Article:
On July 10, 2017, the Seattle City Council passed CB 119002, which imposes a 2.25% income tax on Seattle residents who earn more than $250,000 or $500,000 if married filing jointly for tax periods beginning on or after January 1, 2018.
This tax is also imposed on certain trusts to which residents transfer property. A resident is defined as an individual who is or isn’t domiciled in the city and:
- Maintains a permanent place of abode in the city
- Spends more than 183 days in the city
The measure of the tax is the individual’s total income, defined as income on Line 22 of IRS Form 1040 or Line 15 of IRS Form 1040A.
For trusts subject to the income tax, the measure of tax is Line 9 of IRS Form 1041 or equivalent form published by the IRS that isn’t reported on Schedule K-1 for a beneficiary.
Applicable Filing Statuses
The 2.25% tax rate applies to total income over $250,000 for the following IRS filing statuses:
- Head of household
- Qualifying widow(er) with dependent child
- Married filing separately
For taxpayers whose IRS filing status is married filing jointly, the 2.25% rate applies to total income in excess of $500,000. If a married couple files a joint federal income tax return but one spouse is a resident of Seattle and the other isn’t, then special rules apply to separate the resident’s income to be subject to the city income tax. These income thresholds are annually indexed to inflation beginning in 2019.
For taxpayers who earn income outside of Seattle, the legislation provides a credit for income taxes paid to other state and local jurisdictions. Out-of-city income includes amounts from:
- Trade or business conducted outside the city
- Gains from the sale or exchange of real or tangible personal property located outside of Seattle
- Salaries or other compensation earned outside the city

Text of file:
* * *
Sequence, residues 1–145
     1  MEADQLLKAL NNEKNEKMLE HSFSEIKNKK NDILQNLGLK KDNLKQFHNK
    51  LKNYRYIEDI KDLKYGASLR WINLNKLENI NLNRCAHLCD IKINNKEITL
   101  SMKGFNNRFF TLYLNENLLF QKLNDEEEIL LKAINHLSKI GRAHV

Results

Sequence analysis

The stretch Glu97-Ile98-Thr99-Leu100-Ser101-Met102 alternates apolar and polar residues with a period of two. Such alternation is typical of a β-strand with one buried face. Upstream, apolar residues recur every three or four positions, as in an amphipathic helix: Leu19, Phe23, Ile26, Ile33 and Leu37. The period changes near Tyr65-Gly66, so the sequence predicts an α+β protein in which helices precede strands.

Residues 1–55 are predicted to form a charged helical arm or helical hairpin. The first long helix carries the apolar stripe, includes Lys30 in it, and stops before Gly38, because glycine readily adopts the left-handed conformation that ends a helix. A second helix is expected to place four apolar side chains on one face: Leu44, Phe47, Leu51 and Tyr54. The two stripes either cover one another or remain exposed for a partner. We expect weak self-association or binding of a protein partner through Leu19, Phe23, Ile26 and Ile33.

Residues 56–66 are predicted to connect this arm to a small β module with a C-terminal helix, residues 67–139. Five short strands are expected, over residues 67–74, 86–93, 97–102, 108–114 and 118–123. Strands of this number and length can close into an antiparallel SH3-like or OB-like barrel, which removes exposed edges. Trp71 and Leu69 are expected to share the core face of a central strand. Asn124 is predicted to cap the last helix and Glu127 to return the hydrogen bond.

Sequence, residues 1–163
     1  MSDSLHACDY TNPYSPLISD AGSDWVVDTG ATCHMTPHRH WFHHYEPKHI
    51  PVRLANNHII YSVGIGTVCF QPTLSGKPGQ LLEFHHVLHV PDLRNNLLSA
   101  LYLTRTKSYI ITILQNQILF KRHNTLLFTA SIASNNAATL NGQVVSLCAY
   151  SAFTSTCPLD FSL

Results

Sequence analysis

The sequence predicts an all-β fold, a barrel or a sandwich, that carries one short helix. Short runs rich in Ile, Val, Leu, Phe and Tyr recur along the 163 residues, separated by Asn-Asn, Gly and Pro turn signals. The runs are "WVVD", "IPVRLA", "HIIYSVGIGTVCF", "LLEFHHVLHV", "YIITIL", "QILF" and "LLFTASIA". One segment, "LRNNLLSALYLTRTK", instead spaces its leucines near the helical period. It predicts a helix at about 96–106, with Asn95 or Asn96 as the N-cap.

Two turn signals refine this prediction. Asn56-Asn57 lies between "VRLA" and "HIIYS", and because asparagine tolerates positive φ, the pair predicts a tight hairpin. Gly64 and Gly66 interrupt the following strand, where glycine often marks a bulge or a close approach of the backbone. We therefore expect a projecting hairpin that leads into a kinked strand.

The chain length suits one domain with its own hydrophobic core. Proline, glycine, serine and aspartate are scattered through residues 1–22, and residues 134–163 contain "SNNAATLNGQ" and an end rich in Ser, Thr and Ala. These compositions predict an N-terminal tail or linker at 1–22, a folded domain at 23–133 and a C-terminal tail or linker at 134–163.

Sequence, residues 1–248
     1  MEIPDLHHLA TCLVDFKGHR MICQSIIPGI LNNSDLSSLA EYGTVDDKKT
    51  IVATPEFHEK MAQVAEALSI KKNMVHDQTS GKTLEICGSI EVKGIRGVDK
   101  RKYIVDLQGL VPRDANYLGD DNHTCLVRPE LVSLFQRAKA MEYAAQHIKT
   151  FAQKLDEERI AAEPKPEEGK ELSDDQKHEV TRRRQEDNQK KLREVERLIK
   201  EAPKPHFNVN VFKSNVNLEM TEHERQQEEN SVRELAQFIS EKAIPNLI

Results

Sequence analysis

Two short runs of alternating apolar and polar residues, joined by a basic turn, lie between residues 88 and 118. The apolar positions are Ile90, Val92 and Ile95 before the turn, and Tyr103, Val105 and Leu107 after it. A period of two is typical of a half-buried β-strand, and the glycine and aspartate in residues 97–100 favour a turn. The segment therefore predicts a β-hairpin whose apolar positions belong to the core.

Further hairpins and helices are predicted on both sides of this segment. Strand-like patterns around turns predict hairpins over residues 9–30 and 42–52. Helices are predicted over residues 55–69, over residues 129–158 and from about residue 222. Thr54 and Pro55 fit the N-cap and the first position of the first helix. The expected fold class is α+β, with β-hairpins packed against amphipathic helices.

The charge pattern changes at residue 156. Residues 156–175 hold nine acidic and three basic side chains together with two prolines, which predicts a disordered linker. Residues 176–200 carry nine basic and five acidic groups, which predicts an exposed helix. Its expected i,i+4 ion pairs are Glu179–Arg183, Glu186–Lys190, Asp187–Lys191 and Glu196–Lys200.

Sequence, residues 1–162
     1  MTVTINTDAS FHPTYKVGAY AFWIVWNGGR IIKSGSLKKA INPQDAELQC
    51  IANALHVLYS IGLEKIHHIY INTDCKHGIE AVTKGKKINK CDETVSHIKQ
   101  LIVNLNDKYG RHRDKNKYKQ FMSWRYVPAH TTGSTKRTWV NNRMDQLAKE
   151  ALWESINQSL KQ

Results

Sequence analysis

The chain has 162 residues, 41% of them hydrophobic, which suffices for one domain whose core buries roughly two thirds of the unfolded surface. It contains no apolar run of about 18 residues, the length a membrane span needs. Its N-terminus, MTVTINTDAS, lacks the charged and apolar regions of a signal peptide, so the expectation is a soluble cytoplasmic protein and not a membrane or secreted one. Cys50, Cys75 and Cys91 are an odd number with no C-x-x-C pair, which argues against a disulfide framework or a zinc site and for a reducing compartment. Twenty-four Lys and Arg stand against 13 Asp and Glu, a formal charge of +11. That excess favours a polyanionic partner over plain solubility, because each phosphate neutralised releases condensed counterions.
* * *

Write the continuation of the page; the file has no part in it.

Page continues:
- Intangible income if the individual is domiciled in Seattle for the entire tax year
Individuals and trusts that exceed the above income thresholds are required to file a Seattle income tax return and pay Seattle income tax on April 15 or the next business day if the 15th falls on a Saturday, Sunday, or federally recognized holiday.
The Seattle Department of Finance and Administrative Services, under the proposed ordinance, can extend the income tax return filing date by up to one year with a showing of good cause. In addition, taxpayers can obtain an automatic six-month extension by submitting a copy of the IRS Form 4868 before the original due date.
Interest and penalties aren’t assessed if the return is filed and tax paid by the extended due date. Currently, there are no provisions for the payment of estimated tax by the taxpayer or a requirement by employers or other parties to withhold Seattle income tax on amounts paid to residents.
The Seattle City Council estimates this income tax will generate $140 million per year from approximately 8,500 taxpayers. Opponents of the tax are expected to file legal challenges with respect to violation of various aspects of the Washington Constitution, Washington State law, and existing Seattle ordinances.
We’re Here to Help
To better understand how this tax might affect you or your business, please contact one of our state and local tax partners: